StraightPoolIU
06-01-2007, 01:21 PM
VIP,
I'm glad someone else sees this the same way. It is a VERY SMALL difference; and it does not take but a very slight below center hit to get back away from the pack - any more than that (and we are talking only a millimeter lower on the cue ball) and there you find yourself back up on the head rail.

Having said that; I will also point out that I personally am opposed to the theory that you can draw strongly off the pack, back whitey up to the head rail and back out. I have rarely seen anyone get whitey out of the "kitchen" with this technique. I hope sjm will weigh in on this point - I believe the old school philosophy is correct in avoiding this type of play.

Willie,

It's funny that you bring up that point. I was practicing the other night and that very situation came up. Like you and most others I also subscribe to the philosophy that drawing off the stack up to the head rail and back down is a fool's errand. However, when I was playing I hit the breakshot a little too hard and with a little too much draw and it did exactly that. Granted I did have fantastic shape after the breakshot (balls spread wide and whitey in the center of the table), but in my opinion it's far too unpredictable a shot to intend to play on a regular basis. In fact all the times I've tried to play that shot it hasn't worked out that way. What a silly game this can be.

Mike_Mason
06-01-2007, 06:43 PM
Funny that we're discussing probably the most desirable break shot position we could want...

Why there was a time when I could smack that almost like a 9-ball break...blast the rack open...and the cue ball would give a little hop and die in front of the foot spot...

Or I could blast it and draw the cue ball on a straight line to mid head rail and back down to center table...

And then I grew up...and now I would probably give a 20% attempt at my first option...give it a fair stroke and stun the cue ball to not travel much...should have a few shots to choose from...

Mike

Mike_Mason
06-01-2007, 06:55 PM
being bored with a typical high run...and with a long ash cigarette dangling from his lips...would whack the object ball into the corner pocket...and jump the cue ball into the center of the pack to spread the balls...wise guy...

VIProfessor
06-02-2007, 02:26 PM
Great posts and advice, folks! Since I got you on board, let me ask another break shot question. Which of the well known break shots give you the most trouble? For me, it's when the break ball is on or near the foot rail or the side rail and I'm sending the cue ball off the rail into the stack. I make the ball, but all too often I just find myself missing that blasted corner ball in one direction or the other. You all know the results of that! You miss the rack entirely or you end up ending your run with the cue stuck to the back of the pack. I honestly think its a psychological thing since I play the same shots as secondary break shots often and with precision. I suppose I just need to spend some quality time practicing my break shots in general and those shots in particular.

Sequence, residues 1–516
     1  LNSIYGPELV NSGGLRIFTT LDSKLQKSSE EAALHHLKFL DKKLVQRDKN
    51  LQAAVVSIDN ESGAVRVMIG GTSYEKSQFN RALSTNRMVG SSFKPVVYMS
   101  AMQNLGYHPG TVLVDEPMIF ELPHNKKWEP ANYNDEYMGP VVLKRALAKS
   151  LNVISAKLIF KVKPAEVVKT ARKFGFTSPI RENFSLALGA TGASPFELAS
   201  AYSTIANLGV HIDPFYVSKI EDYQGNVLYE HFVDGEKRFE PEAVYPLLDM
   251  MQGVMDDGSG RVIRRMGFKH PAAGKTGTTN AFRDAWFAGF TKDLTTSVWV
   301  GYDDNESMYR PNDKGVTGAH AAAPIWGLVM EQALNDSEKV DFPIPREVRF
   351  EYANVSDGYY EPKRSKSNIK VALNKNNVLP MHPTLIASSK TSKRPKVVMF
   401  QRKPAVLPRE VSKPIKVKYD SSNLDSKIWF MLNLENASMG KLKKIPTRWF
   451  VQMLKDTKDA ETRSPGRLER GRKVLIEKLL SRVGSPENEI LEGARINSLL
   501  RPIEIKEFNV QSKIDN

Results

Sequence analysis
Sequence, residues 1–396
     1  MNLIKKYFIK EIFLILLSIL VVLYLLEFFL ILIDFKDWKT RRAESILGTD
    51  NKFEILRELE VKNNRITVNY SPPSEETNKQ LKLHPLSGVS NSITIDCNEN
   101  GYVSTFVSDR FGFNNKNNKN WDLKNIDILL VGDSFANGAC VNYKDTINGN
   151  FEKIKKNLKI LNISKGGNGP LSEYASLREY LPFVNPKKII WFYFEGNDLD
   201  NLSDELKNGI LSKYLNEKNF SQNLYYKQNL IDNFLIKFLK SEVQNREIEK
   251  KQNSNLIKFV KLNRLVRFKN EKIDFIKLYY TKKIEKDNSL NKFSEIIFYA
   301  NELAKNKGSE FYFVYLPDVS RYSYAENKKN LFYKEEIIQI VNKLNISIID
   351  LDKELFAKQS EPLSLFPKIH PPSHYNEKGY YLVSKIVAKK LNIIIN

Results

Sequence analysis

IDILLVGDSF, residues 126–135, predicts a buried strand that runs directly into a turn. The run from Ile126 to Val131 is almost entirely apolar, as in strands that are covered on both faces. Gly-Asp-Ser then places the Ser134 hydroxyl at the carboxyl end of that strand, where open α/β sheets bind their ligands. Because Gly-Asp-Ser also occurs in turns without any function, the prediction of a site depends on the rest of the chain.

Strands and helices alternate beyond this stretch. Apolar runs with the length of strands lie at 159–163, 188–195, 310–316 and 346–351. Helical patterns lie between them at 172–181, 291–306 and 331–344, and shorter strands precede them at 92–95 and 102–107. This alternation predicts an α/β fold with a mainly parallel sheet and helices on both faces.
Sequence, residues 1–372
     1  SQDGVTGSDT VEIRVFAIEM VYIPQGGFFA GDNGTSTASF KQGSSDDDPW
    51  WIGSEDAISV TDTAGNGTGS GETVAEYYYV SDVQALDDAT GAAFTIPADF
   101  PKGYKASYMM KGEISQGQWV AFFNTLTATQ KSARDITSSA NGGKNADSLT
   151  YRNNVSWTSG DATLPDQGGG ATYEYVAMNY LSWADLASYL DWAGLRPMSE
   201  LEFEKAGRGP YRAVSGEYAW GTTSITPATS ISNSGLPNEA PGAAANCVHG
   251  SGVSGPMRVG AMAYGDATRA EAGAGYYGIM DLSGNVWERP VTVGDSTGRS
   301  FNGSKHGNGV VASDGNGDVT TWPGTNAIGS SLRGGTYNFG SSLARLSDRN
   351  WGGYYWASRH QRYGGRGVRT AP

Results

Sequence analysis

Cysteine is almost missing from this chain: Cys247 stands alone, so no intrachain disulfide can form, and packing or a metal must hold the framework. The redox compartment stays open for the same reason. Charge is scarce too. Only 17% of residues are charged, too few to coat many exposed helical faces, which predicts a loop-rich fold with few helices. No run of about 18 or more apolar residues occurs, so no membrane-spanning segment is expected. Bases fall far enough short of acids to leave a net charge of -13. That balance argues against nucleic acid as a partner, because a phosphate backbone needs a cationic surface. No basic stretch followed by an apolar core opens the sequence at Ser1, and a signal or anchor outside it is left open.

Thanks again for your input, and keep it coming!

pdcue
06-02-2007, 06:42 PM
Great posts and advice, folks! Since I got you on board, let me ask another break shot question. Which of the well known break shots give you the most trouble? For me, it's when the break ball is on or near the foot rail or the side rail and I'm sending the cue ball off the rail into the stack. I make the ball, but all too often I just find myself missing that blasted corner ball in one direction or the other. You all know the results of that! You miss the rack entirely or you end up ending your run with the cue stuck to the back of the pack. I honestly think its a psychological thing since I play the same shots as secondary break shots often and with precision. I suppose I just need to spend some quality time practicing my break shots in general and those shots in particular.

Thanks again for your input, and keep it coming!

Can I repeat your 'Great posts and advice', And add a 'good idea for
a thread' to you?

I have had similarly disapointing results on the off-the-rail brerak shots.
Often leaving the CB welded to the pack.
I've been working with a friend who, though a much better player
than I, is new to 14.1. We were watching the Dallas West tape<highly
recomended, BTW> and Dallas leaves a break off the foot rail. He
explains that on these shots you want to come into the rack at
a small angle - think glance off, not power thru.

I had mistakenly been thinking - thin cut brings you off the rail with
more speed. More speed equals better break.
Upon further review, it seems, the option that spreads the balls much
less, but leaves a shot, is much 'better' than the one that leaves
no shot.

Dale<expert in aproprition of other people's skills>